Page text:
The Covid-19 pandemic has upended lives in the physical world, but even the spiritual realm has not been spared.
The Hungry Ghost Festival that begins today has been transformed, with mainstays like live auctions and flashy getai performances – traditionally held during the seventh lunar month – noticeably absent this year.
Mass prayers, accompanied by the buzz and clang of religious music, have also been significantly scaled down to meet government guidelines amid the pandemic.
At Toa Payoh Seu Teck Sean Tong temple, it is customary at this time of the year to see the open-air carpark transformed, with neat rows of tables bearing some 2,700 ancestral tablets for family members to offer prayers and offerings. But the tablet set-up will be absent this year.
In addition, safe distancing rules mean the temple can serve only about 400 devotees a day, less than half the usual seventh month crowd, said Mr Chia Kok Peng, vice-chairman of the temple’s board.
The 10,000 devotees who usually take part in the temple’s annual seventh month prayers will also miss the occasion on Sept 6 – the prayers will be conducted behind closed doors by a handful of volunteers.
Prayer rituals at Chia Leng Kong Heng Kang Tian Temple in Silat Road will likewise be truncated, said temple committee member Kiong Han Wei.
Boisterous open-air banquets, usually held on the 15th day of the lunar month, will also be noticeably absent.
The dinner hosted by Lorong Koo Chye Sheng Hong Temple that draws up to 4,000 attendees each year has been cancelled, while the live auction will be conducted silently. Getai performances sponsored by the temple will be streamed online, from Aug 30 to Sept 1.
Businesses that usually do well during the seventh month have also been hit. Large religious-goods wholesalers that cater to temples and companies have it worse, given that prayers have been scaled down, said Mr Alex Teo, assistant secretary of the Singapore Religious Goods Merchants Association.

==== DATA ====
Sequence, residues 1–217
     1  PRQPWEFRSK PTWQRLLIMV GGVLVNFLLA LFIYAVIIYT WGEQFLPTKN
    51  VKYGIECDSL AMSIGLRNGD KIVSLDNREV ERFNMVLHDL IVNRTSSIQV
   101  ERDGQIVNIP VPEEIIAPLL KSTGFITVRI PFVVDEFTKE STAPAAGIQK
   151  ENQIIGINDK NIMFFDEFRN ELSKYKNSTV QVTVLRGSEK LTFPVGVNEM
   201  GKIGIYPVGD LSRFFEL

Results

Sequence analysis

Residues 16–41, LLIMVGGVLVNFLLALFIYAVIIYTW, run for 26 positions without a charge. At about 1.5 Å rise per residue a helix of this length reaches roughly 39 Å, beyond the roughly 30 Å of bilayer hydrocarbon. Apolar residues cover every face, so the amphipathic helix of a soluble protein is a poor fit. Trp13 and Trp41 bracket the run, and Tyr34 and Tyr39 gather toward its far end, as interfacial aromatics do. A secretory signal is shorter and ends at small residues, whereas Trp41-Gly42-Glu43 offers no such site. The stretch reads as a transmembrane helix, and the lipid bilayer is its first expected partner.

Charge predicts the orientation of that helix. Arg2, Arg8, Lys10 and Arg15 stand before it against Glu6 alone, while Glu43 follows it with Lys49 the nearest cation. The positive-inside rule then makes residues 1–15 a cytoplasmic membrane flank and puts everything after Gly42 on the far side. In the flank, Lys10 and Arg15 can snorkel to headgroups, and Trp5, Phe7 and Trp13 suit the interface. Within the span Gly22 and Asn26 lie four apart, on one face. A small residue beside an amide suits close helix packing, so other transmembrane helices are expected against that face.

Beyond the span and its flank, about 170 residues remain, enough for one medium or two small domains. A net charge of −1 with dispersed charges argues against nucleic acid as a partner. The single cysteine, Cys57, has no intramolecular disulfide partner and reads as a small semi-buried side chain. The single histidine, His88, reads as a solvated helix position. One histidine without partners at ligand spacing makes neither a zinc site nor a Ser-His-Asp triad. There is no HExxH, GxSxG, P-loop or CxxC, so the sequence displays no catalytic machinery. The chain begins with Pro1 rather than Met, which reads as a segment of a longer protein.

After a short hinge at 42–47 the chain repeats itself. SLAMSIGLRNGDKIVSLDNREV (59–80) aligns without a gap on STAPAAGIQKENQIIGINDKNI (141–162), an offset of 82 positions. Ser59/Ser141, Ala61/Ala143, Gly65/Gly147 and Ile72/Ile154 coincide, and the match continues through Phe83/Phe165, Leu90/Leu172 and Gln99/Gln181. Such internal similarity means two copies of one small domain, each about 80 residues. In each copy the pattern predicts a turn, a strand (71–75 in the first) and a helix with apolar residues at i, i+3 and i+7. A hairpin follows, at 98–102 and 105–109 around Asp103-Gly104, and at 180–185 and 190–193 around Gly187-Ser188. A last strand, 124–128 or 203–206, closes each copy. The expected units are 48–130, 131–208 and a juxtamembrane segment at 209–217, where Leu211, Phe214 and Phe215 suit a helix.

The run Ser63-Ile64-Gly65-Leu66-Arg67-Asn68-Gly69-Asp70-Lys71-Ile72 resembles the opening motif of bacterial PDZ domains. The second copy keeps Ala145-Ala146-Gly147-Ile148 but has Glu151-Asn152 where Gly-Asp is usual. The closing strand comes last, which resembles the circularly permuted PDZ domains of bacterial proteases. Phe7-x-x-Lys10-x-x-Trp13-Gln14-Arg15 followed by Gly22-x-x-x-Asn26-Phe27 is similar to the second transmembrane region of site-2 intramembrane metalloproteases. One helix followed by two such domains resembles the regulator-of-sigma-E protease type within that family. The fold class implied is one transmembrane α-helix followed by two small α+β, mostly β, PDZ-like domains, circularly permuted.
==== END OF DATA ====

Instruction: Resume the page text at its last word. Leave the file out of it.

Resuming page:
“The guidelines for seventh month prayers came in less than two weeks before the start of the month, so many of our regular clients were hesitant to place their orders for prayer items,” said Mr Teo, the third-generation owner of wholesaler Ban Kah Hiang Trading.
He expects this year’s seventh month sales to be at least 30 per cent less than last year’s. He added that joss paper shops in the heartland are likely to be less affected, as families are still allowed to pray in common areas.
Live shows have also had to adapt to the new rules, to varying degrees of success.
Getai organiser Aaron Tan said his usual slate of 50 live shows during the seventh month has dropped to 29 as of yesterday – one on each day of the seventh month – and all of them will take place virtually.
Groups like the 156-year-old Lao Sai Tao Yuan Teochew Opera Troupe are struggling to cope with the changes.
“The seventh month is our busiest month, but with this year’s restrictions, our usual 20 or more performances have all been cancelled,” said the troupe’s leader Nick Shen.
But the industry is innovating.
The troupe’s first online show will be live-streamed on Facebook page Tok Tok Chiang and zhongyuanfestival.sg early next month.
The website, put together by a group of creatives, will be launched today, and will hopefully draw a new generation to understand and enjoy seventh month celebrations, said project leader Ivan Yak.
Other efforts to digitalise this year’s seventh month festivities include a special getai edition of the Singapore Chinese Cultural Centre’s TGIF Music Station series.
To be live-streamed on the centre’s Facebook page on Sept 4, the show will feature getai veterans and next-generation stars like Lee Pei Fen, Hao Hao and Desmond Ng.
“In these challenging times when getai performances are not able to proceed physically, artists and organisers can still come together creatively to ensure that our traditions are preserved and continued for future generations,” said the centre’s programme director, Mr Lee Ee Wurn.
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